“Yes,” Claire said emphatically, “I did everything Larry said so that he wouldn’t leave me. Now, I am doing everything the Carsons say,” Claire said, wiping tears from her face.
“You don’t want to be a slave anymore (Claire nodded). Why don’t you tell me what you did yesterday and let me know what you did just because someone told you to do it,” Dr. Berman suggested.
Claire began reflecting on what had happened yesterday. It had been a busy day. She had to be at work by 8:00 and set up the dental office for the day. “Well, Davy woke me up at 6:30,” Claire smiled, “he has become the family wake-up service. He wanted his own alarm clock for his birthday. At night, he likes to set up the alarm with me right before he gets into bed. The clock wakes him up and then he bounces around the house waking us all up and saying he is starving for breakfast.”
“Davy wanted to wake you up, so you got him a clock. Did you buy him the clock just because he told you too?”
Claire frowned in thought, “Not exactly. He had been waking up early when he could hear the birds singing outside his window. This was shorting me an hour sleep so I had started showing him my clock and how he could tell if it was really time to wake me up,” Claire said.
“Whose idea was that,” Dr. Berman asked.
“It was my idea,” Claire said dismissively, “when his birthday was coming up, he said since he would be a bigger boy soon could he have his own clock to tell time. I took him to the store just to look at all the clocks; I told him he was getting one birthday present from me so he should be sure that what he wanted was really a clock. The moment he saw this clock shaped like a dog- his mind was made up; it is the silliest thing. The clock was fifteen dollars, but it would fit within my budget. Davy was cute but annoying,” Claire said, “We saw the clock about two weeks before his birthday. Every single morning,” Claire sighed, “I had to take out the calendar and count with him how many days were left before I would go buy his clock,” Claire laughed softly.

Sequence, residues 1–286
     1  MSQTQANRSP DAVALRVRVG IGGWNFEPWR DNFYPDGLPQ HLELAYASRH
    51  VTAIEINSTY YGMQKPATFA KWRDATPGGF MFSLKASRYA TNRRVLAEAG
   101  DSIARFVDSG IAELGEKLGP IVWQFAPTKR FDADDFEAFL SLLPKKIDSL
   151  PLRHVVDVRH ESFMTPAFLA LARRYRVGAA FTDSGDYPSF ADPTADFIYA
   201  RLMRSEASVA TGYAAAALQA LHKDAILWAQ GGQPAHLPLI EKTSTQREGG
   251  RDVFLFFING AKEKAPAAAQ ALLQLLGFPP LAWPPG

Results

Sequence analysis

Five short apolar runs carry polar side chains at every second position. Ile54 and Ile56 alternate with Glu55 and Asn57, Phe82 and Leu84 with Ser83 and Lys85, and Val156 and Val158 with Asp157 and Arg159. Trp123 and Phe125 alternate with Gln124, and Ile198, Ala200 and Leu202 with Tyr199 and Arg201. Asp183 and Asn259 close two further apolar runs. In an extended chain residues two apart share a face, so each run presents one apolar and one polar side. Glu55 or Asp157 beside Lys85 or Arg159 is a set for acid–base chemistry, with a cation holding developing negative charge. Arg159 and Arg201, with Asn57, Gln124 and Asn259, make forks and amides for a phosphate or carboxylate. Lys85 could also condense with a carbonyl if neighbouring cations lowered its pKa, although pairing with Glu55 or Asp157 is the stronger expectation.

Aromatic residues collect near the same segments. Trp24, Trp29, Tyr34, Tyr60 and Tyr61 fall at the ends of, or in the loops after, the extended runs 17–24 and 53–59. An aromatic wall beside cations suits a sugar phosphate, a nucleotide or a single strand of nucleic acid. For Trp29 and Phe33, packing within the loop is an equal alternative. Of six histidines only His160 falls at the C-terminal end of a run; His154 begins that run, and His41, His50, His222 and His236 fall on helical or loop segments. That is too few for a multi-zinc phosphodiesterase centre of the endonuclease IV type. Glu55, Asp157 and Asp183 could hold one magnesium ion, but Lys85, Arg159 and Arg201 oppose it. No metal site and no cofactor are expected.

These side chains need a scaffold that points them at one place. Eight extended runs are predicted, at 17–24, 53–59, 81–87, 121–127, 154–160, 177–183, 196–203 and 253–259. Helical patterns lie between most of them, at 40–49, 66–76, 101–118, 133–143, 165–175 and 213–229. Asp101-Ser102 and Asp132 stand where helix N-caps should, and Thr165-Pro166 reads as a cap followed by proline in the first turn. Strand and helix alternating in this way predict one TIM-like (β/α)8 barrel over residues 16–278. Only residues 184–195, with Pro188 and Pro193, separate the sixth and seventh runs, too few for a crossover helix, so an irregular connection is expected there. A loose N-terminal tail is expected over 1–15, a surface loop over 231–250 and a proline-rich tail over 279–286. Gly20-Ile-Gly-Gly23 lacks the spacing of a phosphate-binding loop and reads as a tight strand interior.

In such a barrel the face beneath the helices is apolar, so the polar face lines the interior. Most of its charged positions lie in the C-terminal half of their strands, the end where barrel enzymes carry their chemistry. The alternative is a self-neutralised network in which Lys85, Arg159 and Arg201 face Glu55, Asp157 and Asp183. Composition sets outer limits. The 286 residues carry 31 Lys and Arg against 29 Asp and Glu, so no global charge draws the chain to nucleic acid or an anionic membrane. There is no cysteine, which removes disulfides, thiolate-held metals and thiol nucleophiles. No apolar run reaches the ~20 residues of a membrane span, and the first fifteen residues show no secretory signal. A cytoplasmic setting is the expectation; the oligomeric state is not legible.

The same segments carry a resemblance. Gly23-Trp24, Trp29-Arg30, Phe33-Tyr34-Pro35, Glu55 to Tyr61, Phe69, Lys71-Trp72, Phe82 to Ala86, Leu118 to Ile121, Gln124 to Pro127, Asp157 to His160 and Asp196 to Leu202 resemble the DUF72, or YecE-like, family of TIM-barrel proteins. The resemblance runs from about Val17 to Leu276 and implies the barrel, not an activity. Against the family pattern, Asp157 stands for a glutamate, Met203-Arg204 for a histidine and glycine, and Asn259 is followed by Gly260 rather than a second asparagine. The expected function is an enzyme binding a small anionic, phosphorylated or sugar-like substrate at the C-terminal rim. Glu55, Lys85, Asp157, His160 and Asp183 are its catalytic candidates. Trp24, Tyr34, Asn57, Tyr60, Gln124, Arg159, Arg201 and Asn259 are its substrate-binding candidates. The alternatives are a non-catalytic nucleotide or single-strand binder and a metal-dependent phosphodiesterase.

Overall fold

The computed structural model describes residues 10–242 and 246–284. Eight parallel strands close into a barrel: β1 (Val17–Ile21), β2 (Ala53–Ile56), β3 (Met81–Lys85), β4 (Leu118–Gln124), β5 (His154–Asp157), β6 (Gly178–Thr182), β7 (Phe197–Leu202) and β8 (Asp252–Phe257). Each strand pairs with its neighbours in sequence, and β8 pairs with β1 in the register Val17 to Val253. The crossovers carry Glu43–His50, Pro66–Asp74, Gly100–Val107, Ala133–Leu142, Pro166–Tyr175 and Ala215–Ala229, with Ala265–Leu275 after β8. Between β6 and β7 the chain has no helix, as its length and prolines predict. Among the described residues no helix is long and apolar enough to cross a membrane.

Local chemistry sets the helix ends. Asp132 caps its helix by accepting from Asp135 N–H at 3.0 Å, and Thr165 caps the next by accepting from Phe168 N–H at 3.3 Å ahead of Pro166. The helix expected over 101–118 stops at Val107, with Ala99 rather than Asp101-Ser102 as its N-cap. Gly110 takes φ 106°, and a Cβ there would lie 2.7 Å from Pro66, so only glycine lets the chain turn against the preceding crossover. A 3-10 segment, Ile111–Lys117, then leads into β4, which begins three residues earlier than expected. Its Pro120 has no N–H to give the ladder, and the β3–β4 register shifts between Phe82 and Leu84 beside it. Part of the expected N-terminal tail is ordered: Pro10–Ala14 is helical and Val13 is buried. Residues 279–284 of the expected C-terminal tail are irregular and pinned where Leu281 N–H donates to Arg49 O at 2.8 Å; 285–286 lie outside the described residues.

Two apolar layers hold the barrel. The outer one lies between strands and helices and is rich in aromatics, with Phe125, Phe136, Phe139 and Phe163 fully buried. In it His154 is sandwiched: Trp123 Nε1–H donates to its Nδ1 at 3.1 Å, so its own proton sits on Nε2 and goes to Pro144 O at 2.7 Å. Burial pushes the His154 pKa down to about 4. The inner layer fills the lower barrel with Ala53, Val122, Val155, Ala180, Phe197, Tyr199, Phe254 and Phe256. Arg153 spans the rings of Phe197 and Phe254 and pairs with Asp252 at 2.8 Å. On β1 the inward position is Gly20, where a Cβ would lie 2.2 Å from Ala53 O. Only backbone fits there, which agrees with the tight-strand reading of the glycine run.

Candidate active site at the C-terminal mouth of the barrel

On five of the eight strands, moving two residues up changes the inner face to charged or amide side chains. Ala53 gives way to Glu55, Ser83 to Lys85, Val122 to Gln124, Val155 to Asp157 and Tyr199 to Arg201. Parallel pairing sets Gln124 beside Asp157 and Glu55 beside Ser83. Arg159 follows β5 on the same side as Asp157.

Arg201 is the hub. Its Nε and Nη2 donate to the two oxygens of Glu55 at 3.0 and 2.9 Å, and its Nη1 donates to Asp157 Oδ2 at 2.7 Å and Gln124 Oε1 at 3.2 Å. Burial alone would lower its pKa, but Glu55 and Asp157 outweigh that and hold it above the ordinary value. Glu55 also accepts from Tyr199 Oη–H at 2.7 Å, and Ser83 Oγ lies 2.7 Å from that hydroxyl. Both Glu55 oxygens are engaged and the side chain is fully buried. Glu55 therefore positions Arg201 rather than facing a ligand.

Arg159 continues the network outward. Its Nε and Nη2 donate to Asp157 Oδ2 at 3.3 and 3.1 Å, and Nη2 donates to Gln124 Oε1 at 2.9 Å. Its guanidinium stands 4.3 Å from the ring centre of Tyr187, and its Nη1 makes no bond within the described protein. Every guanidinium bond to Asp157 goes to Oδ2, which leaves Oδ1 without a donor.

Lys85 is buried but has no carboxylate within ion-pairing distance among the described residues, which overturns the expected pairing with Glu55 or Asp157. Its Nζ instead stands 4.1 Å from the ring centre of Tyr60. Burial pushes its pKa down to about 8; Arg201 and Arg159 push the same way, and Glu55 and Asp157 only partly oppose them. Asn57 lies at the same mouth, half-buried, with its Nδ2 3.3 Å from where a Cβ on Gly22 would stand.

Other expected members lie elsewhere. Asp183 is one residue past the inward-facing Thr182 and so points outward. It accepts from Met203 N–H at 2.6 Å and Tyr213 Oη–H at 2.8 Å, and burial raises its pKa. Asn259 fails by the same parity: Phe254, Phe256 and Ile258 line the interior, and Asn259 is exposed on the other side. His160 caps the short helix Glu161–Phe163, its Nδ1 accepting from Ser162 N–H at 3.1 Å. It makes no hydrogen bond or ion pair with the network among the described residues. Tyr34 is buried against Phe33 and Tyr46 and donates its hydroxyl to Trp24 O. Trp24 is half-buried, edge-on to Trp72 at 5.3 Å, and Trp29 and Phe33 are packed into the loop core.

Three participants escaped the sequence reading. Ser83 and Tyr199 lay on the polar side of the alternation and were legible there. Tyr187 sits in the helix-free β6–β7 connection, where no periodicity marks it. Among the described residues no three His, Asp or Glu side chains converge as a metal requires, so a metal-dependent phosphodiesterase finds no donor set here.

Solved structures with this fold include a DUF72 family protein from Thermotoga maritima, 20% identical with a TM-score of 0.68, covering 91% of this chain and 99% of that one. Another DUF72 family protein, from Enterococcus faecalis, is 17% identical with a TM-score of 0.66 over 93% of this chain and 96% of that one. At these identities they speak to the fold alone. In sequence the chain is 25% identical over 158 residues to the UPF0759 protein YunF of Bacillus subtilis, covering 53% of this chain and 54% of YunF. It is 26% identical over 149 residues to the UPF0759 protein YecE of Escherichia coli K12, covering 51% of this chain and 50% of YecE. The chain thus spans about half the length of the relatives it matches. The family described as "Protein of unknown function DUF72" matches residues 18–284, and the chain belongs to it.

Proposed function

“Davy wanted to wake you up, but it wasn’t his idea or the Carsons’ idea to go the store and look at clocks? (Claire shook her head no) Did the Carsons tell you not to buy the clock until his birthday?”
“No,” Claire said, “these were my ideas, but it was the Carsons who taught me how to shop on a budget, carefully checking prices and then deciding when I could afford to buy something, I wanted but didn’t need.”
“You learned about shopping from them. (Claire nodded) But they didn’t tell you what to buy, they showed you how to be a smart shopper. (Claire nodded) At least in figuring out how to get Davy not to wake you up early, looking at clocks and trying to teach him how to be a smart shopper, all these steps were your ideas?”
“Yes, but the Carsons taught me how to do these things,” Claire said.
“Is there a difference between doing what you are told- like you did with Larry and learning how to make decisions from the Carsons?” Dr. Berman asked.
Claire had a very traumatic childhood where she wasn’t taught healthy ways to develop relationships with others, how to recognize and regulate her emotions and many other things- all things she needed to know to not continue living a violent lifestyle. Dr. Peg Steep wrote an article for woman who had not felt loved by their mothers. She provides some guidelines for helping women like Claire, recognize if they have begun to heal and become the people they want to be. To read about these steps go to: